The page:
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December 7, 2006
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Shannon helped the Hurricanes win three national championships as a linebacker and has overseen the defense since 2001. Miami fired Coker two weeks ago after the team finished the regular season 6-6, its worst record since 1997.
"It's one of my dream jobs," Shannon said. "Always been."
"Randy has the discipline and heart of a champion," university president Donna Shalala said in a statement. "He has been preparing himself for a head coaching position his whole life, and I am very happy that the opportunity came at the University of Miami, his alma mater. We are extremely lucky to have him."
Players had not been formally told that Shannon was being promoted as of Thursday night, yet many were thrilled by the news.
"It's the guy that I wanted. It's the guy a lot of us wanted," Miami quarterback Kirby Freeman told The AP. "Randy's been extremely sincere to this football program. He's been sincere about his feelings toward everyone on this team and the direction he wants this program to go. This is definitely the decision I wanted."
The Palm Beach Post reported that Shannon's agent, Jimmy Sexton, was working out contract details with the university.
Last week, Dee said the university had "serious interest" in Shannon, even though the school was also speaking with Rutgers coach Greg Schiano - a former Miami assistant - and Texas Tech's Mike Leach about replacing Coker, who was fired after the Hurricanes went 6-6 in the regular season.
The 40-year-old Shannon would become the sixth black head coach currently at one of the 119 Division I-A schools, joining Mississippi State's Sylvester Croom, UCLA's Karl Dorrell, Buffalo's Turner Gill, Kansas State's Ron Prince and Washington's Tyrone Willingham.
Coker was fired Nov. 24 with three years remaining on his contract.
He was 59-15 in six seasons with one national championship and another appearance in the Bowl Championship Series title game, but lost 12 games the past three seasons - including six this year, when the Hurricanes fell from the national rankings for the first time since 1999, a span of 107 weeks.
Dee has said repeatedly that, even if a new coach was hired beforehand, Coker would coach Miami in its season finale against Nevada on Dec. 31 at the MPC Computers Bowl in Boise, Idaho. Shannon will likely assume many typical head-coach duties, particularly in the recruiting area, almost immediately.
"Randy is the future of our football team now," Freeman told The AP. "And we're going to have some bright, bright success. I'm excited. I'm really excited."
Most of the Hurricanes' struggles in recent years stemmed from inconsistent play on offense - while the defense put together by Shannon continually ranked among the nation's best, a fact the university obviously took note of during its search for Coker's replacement.
Shannon's 2001 defense at Miami led the nation in turnover margin, scoring defense and pass efficiency defense, plus set school records for turnovers forced (45) and interceptions (27). His defenses also led the nation against the pass in 2002 and 2005, plus have always ranked among the national leaders in total defense.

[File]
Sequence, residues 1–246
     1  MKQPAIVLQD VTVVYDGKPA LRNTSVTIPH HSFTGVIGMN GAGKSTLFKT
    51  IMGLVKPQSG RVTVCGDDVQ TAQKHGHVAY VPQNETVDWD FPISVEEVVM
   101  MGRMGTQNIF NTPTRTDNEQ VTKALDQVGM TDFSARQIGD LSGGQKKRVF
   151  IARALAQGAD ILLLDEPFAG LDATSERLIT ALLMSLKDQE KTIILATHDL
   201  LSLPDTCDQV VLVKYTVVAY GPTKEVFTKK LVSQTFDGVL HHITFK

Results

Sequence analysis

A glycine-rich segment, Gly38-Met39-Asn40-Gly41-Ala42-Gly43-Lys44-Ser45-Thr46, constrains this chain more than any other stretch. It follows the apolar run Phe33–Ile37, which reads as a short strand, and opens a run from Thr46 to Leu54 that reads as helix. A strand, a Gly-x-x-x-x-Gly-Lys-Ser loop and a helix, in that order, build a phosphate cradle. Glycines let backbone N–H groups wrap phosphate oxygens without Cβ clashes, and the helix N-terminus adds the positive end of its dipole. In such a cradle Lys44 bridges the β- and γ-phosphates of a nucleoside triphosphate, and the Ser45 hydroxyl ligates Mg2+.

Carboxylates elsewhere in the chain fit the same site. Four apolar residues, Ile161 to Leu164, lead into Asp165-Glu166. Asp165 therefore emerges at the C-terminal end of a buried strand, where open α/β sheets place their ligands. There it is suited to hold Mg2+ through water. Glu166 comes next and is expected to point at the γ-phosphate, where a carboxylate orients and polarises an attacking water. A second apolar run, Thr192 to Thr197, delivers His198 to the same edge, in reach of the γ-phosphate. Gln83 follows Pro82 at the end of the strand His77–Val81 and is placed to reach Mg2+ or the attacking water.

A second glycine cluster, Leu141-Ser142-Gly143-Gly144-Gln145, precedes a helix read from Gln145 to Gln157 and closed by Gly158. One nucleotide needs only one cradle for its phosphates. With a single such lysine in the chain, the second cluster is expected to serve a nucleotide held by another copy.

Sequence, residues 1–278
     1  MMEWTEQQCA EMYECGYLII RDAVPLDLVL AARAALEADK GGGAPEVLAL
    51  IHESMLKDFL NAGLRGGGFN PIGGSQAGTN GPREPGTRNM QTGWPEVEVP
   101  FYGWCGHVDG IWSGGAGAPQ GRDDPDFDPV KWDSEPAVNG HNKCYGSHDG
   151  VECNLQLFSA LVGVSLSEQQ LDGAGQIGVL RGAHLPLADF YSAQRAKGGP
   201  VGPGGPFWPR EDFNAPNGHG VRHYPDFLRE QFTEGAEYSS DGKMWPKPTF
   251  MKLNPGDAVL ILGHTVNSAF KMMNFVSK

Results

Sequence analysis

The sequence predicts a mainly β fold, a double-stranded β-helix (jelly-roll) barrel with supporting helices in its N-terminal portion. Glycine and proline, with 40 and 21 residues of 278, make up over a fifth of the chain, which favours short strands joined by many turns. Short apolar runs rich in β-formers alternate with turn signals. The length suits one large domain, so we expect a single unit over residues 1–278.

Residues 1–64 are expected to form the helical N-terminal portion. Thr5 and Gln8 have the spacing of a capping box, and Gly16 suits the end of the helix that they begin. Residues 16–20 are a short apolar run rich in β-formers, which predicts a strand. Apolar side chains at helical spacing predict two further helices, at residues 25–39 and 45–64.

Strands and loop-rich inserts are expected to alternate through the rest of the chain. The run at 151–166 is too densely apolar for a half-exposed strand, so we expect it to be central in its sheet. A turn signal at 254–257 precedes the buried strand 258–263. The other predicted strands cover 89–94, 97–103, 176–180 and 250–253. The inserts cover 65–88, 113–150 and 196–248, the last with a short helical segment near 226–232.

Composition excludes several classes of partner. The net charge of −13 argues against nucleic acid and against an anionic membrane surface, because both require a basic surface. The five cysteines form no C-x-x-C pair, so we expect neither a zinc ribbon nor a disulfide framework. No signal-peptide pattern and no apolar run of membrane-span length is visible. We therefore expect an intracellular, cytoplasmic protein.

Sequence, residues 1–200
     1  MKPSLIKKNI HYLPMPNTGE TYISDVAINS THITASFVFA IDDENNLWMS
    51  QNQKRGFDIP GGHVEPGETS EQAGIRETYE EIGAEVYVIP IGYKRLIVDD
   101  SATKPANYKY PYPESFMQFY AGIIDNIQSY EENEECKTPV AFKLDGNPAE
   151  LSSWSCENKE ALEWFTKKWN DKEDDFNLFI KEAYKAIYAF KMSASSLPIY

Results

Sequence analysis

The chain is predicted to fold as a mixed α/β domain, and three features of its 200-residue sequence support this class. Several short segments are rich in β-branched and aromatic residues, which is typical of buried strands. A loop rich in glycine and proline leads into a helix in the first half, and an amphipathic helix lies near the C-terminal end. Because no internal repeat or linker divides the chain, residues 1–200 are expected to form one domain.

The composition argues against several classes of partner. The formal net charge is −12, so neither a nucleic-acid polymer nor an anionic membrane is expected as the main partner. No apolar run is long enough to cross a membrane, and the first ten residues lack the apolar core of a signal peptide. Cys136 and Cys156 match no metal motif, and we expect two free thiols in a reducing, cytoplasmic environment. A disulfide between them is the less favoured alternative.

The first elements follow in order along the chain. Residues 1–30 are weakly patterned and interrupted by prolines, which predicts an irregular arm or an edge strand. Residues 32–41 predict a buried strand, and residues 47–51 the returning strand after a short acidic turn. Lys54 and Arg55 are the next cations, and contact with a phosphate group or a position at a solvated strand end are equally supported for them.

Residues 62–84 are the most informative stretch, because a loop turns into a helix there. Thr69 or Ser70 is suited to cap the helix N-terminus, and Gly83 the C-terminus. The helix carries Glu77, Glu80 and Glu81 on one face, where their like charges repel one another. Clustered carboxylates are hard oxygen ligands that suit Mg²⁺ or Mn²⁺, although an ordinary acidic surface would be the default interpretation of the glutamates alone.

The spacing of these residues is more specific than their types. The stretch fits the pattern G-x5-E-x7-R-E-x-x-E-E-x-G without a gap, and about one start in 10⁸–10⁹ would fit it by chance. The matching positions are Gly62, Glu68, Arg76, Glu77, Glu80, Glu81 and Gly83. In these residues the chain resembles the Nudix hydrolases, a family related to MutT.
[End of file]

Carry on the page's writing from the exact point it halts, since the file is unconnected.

Even this season, while the Hurricanes struggled, Shannon's defense was the fifth-stingiest in the country, yielding only 252 yards per game.
"I love him as a coach," Miami defensive end Calais Campbell said earlier this month when asked about Shannon. "I have the most respect for him of all the people I know. I think he's a great guy. ... He played here. He is a die-hard 'Cane. He wants to be a head coach. He definitely has the qualities."
This season was turbulent at Miami - which reeled from the death of defensive lineman Bryan Pata, who was shot and killed outside his off-campus apartment complex on Nov. 7. The Hurricanes, who entered the season as favorites to win the Atlantic Coast Conference, also were involved in an on-field brawl with Florida International which resulted in the suspension of 31 players - 13 from Miami.
Shannon - whose son, Xavier, plays center at Florida International - was a four-year letterman at Miami, a two-year starter at linebacker and part of the Hurricanes' 1987 national championship squad. He was drafted by the Dallas Cowboys in 1989 and became their first rookie starter at outside linebacker in 26 years.
A Miami native and graduate of the school, Shannon has spent most of coaching career with the Hurricanes, first as a graduate assistant in 1991, a defensive line coach in 1992 and then as linebackers coach from 1993-97.
He was with the Miami Dolphins from 1998-00 as a defensive assistant and linebackers coach, then returned to the Hurricanes in 2001 as defensive coordinator - and immediately helped the program win its fifth national championship in his first season back at Coral Gables.
For more coverage of the Miami Hurricanes, check out CaneSport.com.
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